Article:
From three promises to three backstop proposals
These promises resulted in various backstop proposals. The initial proposal from the EU would have treated Northern Ireland as part of the Customs Union and the Single Market. This, however, would not have been compatible with the third promise made by the UK Government, and so the British Parliament rejected the proposal. The second proposal brought forward by the British Government under Theresa May was that the whole of the UK would remain in the Customs Union, while Northern Ireland would have remained also in the Single Market, but this would have gone against the first and third promises, so this was also rejected by the British Parliament. The third and final proposal made by the British Government under Boris Johnson was based on Northern Ireland de facto being part of the Single Market and the Customs Union, but Northern Ireland would also formally remain part of the UK customs area. This actually looked much like the original EU proposal, but with added complications. However, agreement was finally reached and the UK left the EU in January 2020. Northern Ireland was then part of two different customs unions and consequently everything became more and more complicated. In addition, the EU agreed to make huge compromises by giving power over one of its own external borders to the British government – since the UK authorities are now responsible for managing the frontier of the Customs Union and the Single Market as it applies to Northern Ireland.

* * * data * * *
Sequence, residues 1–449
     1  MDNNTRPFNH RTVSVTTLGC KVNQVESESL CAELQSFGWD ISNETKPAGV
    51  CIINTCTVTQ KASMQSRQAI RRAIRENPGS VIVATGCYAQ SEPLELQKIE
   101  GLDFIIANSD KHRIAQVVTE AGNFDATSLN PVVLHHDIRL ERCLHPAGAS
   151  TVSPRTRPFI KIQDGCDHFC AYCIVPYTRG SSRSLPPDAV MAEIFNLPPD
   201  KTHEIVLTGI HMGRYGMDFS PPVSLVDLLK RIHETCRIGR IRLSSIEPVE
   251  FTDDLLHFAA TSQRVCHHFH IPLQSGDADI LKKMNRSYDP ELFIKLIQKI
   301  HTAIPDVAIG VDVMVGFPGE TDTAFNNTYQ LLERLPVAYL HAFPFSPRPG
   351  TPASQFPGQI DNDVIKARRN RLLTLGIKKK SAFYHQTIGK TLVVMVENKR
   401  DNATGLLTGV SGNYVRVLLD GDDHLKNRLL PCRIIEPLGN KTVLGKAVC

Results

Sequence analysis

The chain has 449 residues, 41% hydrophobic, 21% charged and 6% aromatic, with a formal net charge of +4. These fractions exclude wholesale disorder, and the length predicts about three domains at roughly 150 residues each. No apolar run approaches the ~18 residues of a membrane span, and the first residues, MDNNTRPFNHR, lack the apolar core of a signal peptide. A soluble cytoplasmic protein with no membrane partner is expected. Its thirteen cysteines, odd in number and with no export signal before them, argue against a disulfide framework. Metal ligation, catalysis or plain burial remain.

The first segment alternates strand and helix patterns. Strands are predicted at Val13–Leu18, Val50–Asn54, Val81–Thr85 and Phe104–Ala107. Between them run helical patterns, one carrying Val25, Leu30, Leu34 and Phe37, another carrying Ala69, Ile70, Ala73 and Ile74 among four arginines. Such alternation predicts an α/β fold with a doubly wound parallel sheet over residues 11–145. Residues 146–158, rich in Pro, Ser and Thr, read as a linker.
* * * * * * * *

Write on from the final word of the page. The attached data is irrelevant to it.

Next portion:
Questions and Answers
After his presentation, numerous questions were raised by the audience. Would a new UK government help to solve the issue? Professor Dougan explained, in quite a disenchanted way, that in his opinion anything would be better than the current UK Government, and that the best thing that could happen at the moment would be the implementation of the Northern Ireland Protocol. Looking at Northern Ireland, the current UK Government uses the Unionists as a tool, so even if the protocol is applied there is tension.